Banned slushy 'met policy'

SARAH DUNN
Last updated 12:58 10/04/2014

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Slushy defies hospital's sugar ban

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There's been a sour reaction to the Nelson Marlborough District Health Board's policy on drinks with added sugar.

Changes to the board's healthy eating policy came into effect a week ago, and bar the sale of all beverages with added sugar on hospital grounds. Fruit juices with no added sugar were not affected.

The hospital's volunteer-run shop has recently advertised a new frozen slushy product named Fruzo, but acting chief executive Eric Sinclair said on Tuesday that the slushies were not allowed as they listed sugar as an added ingredient.

Zexx NZ Ltd makes the Fruzo drinks. Managing director Derek Sampson said his company supported the new anti-sugar policy and hoped that other DHBs would adopt it, but he felt it was too broad to meet its objective of only making healthy beverages available at the hospital.

"One hundred per cent fruit juice products contain more natural sugar than that of Fruzo, which contains 50 per cent fruit juice and a small amount of added sugar."

Sampson said he felt undiluted fruit juice was an unhealthy choice. An average 200ml glass of Fruzo slushy has around 2-and-a-half teaspoons of added sugar and an equivalent amount in naturally-occurring fruit sugars.

Sampson said Fruzo was developed to provide an alternative to the high-sugar beverages that were contributing "in no small way" to obesity and obesity-related illnesses in New Zealand. It carries the Heart Foundation's Fuelled 4 Life mark which means it is recommended for sale or provision at schools and early childhood education services.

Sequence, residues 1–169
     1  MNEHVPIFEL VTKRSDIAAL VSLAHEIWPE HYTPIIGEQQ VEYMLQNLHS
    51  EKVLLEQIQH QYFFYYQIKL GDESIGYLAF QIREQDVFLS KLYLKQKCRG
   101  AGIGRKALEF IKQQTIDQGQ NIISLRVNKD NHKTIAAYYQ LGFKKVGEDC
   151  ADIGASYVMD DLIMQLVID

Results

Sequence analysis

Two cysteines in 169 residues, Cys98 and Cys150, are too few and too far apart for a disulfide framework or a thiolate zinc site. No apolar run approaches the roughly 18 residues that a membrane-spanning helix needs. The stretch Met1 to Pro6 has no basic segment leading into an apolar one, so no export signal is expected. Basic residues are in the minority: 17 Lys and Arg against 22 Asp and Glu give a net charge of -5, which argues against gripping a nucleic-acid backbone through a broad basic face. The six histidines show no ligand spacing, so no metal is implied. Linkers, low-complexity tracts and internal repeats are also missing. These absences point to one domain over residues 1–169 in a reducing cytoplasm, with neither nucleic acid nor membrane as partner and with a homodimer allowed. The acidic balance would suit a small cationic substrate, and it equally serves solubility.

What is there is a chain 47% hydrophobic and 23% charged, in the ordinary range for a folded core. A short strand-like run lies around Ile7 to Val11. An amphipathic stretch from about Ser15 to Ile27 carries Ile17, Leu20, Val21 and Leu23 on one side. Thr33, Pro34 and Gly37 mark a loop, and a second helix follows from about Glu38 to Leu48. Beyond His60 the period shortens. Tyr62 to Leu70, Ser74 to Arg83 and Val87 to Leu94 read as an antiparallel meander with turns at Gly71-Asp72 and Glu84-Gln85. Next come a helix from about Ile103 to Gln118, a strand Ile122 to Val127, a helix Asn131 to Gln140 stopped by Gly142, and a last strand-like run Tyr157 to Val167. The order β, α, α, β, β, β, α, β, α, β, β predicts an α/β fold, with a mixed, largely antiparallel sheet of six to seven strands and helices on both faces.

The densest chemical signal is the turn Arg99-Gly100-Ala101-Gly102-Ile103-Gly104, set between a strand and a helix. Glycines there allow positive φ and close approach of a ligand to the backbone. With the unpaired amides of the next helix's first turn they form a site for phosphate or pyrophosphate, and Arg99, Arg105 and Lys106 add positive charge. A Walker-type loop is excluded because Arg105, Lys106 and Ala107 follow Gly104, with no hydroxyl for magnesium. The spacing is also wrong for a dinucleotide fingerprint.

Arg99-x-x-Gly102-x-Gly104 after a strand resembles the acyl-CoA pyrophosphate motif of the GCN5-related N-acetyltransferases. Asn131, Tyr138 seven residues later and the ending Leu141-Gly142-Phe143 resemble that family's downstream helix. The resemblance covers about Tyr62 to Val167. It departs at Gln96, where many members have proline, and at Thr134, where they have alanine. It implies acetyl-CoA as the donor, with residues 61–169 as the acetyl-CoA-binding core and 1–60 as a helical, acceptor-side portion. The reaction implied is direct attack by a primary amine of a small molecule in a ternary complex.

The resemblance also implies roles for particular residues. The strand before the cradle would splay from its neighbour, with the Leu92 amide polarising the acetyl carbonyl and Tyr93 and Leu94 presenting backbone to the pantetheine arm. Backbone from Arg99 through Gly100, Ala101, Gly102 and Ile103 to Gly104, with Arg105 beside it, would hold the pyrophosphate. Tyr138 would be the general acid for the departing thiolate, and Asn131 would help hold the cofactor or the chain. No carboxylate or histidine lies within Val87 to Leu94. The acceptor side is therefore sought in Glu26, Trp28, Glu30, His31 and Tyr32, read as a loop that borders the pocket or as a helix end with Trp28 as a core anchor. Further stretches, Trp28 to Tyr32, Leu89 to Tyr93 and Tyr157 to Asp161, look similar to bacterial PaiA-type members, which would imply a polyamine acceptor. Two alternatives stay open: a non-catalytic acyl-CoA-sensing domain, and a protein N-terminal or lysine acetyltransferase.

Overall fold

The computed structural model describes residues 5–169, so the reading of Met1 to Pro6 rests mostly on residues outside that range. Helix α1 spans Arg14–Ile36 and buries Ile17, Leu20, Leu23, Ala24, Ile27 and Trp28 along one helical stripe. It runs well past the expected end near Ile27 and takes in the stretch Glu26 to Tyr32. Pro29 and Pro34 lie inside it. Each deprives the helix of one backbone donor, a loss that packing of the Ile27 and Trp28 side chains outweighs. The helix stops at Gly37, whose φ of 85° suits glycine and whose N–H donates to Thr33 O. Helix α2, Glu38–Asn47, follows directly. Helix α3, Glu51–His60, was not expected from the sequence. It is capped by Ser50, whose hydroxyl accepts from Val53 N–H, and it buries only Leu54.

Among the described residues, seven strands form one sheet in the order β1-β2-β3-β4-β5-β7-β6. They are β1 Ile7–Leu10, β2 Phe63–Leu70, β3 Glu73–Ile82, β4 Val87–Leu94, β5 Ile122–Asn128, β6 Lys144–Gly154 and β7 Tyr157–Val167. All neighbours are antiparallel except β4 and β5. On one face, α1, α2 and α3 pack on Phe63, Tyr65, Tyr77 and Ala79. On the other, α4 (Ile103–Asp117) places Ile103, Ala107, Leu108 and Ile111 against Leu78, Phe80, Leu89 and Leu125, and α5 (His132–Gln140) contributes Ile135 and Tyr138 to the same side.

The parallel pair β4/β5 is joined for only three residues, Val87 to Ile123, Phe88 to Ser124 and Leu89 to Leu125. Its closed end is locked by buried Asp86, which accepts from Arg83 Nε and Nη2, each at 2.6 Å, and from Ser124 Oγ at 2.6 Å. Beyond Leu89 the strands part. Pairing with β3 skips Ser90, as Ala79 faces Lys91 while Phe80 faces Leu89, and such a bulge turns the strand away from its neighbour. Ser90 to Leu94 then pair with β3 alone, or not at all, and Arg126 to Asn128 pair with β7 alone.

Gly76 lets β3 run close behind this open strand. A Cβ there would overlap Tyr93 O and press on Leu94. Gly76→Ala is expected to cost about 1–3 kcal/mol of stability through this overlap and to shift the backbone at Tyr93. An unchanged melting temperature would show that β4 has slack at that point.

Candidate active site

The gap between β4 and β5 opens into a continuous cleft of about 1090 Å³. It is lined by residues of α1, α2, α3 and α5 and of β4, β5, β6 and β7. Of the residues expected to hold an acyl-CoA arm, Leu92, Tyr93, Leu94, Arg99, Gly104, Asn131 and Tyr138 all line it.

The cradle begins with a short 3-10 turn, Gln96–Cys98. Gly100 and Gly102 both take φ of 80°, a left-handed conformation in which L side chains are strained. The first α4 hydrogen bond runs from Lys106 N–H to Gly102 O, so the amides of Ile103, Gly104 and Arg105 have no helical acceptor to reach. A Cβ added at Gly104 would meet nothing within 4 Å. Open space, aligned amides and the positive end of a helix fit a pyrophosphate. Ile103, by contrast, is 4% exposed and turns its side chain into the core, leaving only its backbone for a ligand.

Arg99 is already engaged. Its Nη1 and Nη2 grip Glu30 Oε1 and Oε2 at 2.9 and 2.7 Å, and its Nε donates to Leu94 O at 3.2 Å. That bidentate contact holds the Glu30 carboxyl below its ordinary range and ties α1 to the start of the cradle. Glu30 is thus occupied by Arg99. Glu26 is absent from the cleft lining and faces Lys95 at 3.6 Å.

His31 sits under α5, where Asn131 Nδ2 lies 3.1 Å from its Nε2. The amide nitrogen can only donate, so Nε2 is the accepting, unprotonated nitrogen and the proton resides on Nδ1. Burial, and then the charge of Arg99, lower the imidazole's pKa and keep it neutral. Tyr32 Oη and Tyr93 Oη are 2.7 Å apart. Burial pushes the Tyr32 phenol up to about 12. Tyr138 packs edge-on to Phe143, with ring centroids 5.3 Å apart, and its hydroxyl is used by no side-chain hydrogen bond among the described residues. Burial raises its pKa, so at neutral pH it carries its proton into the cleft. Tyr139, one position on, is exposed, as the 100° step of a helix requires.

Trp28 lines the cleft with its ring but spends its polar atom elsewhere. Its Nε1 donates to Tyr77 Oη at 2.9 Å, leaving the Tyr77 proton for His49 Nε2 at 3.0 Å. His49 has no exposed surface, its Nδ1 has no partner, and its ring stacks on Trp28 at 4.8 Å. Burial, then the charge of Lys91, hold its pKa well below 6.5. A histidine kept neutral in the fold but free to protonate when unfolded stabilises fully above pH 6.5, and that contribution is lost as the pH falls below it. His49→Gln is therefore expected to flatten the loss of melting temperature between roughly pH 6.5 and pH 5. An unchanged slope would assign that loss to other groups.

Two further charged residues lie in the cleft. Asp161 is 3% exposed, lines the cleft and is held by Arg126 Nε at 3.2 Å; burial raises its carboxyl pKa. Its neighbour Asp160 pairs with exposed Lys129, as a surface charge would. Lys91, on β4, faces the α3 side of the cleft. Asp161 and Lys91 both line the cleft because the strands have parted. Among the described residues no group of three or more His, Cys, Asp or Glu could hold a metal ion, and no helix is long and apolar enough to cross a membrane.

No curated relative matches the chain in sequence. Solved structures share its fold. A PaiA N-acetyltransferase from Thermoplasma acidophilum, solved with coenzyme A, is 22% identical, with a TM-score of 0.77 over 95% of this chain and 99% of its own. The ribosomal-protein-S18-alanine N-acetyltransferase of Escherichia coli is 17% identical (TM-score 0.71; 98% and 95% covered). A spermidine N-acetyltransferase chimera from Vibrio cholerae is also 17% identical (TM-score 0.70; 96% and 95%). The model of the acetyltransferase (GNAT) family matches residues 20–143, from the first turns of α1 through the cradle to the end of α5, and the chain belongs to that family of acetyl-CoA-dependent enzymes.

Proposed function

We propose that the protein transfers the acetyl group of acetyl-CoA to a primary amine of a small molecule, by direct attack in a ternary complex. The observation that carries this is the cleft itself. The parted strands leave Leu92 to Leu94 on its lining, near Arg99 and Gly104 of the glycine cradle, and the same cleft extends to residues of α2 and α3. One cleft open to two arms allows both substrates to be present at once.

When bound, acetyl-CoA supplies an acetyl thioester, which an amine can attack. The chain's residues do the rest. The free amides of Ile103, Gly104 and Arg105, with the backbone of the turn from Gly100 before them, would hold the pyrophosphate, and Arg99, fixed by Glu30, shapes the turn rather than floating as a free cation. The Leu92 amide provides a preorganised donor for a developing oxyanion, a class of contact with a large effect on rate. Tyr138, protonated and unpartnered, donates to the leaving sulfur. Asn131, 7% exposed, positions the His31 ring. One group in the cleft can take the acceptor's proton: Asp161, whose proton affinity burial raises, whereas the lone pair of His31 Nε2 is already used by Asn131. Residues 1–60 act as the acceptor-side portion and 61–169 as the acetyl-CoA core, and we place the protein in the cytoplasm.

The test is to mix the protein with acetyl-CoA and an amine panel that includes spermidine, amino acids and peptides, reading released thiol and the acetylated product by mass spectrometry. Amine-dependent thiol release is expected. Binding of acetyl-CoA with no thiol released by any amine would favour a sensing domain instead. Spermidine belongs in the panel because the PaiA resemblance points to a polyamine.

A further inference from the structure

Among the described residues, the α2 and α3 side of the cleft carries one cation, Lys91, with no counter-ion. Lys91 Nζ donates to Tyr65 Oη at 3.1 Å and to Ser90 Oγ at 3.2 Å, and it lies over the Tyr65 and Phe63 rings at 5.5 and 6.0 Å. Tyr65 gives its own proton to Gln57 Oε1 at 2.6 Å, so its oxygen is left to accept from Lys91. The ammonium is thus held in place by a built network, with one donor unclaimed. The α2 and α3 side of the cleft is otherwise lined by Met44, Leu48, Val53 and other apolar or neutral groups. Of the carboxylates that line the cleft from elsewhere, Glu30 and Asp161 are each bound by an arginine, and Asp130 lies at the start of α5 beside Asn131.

Eight schools in the Nelson and Marlborough area stock Fruzo at their canteens, including Nelson College and Nelson College for Girls.

Zexx Tasman district representative Mike Young said he was aware of the DHB's policy on sugar-sweetened beverages. He said he only installed a machine in Nelson Hospital's volunteer-run shop on the condition that the store management first got the board's approval before starting to sell slushies. He rejects any claim that those running the shop were misled about Fruzo's sugar content.

Rodger Curry, president of the Nelson Hospital volunteer services organisation, which runs the shop, said it never defied the sugar-sweetened beverage policy because no slushies were sold. He said he still believed the Fruzo product was within the policy guidelines.

"Since the new policy was put in place last month we have lost about 30-40 per cent of our trade, so I attempted to find a way to bring our customers back.

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"I discovered this product and did a lot of research before deciding to run with it, as I believed it was well within the new DHB guidelines.

"I then contacted policy makers in the DHB to verify that the product met their criteria. After three attempts to get an answer without any reply, I made the decision to have the machine installed and sent out flyers to our largest customer base - the hospital staff.

"Two days after the flyers went out I was told that the product may not meet the policy requirements.

"I was not impressed as I felt I had done as much as I could have. I then contacted the juice company Zexx NZ Ltd and advised them that we would have to delay the installation of the machine.

"Zexx NZ Ltd has been very professional in their dealings with me and at no time have I felt pressured or duped as reported. I have over 20 years' experience in purchasing."

Curry said the volunteers had nothing but good intentions as all profit from the shop was returned to Nelson Hospital through donations. The donations came in the form of goods deemed unaffordable by the NMDHB, which were requested by various hospital departments.

He said the volunteers had donated around $100,000 to the hospital over the last four years.

Sinclair yesterday afternoon said the NMDHB stood by its decision not to sell sugary drinks.

- Nelson

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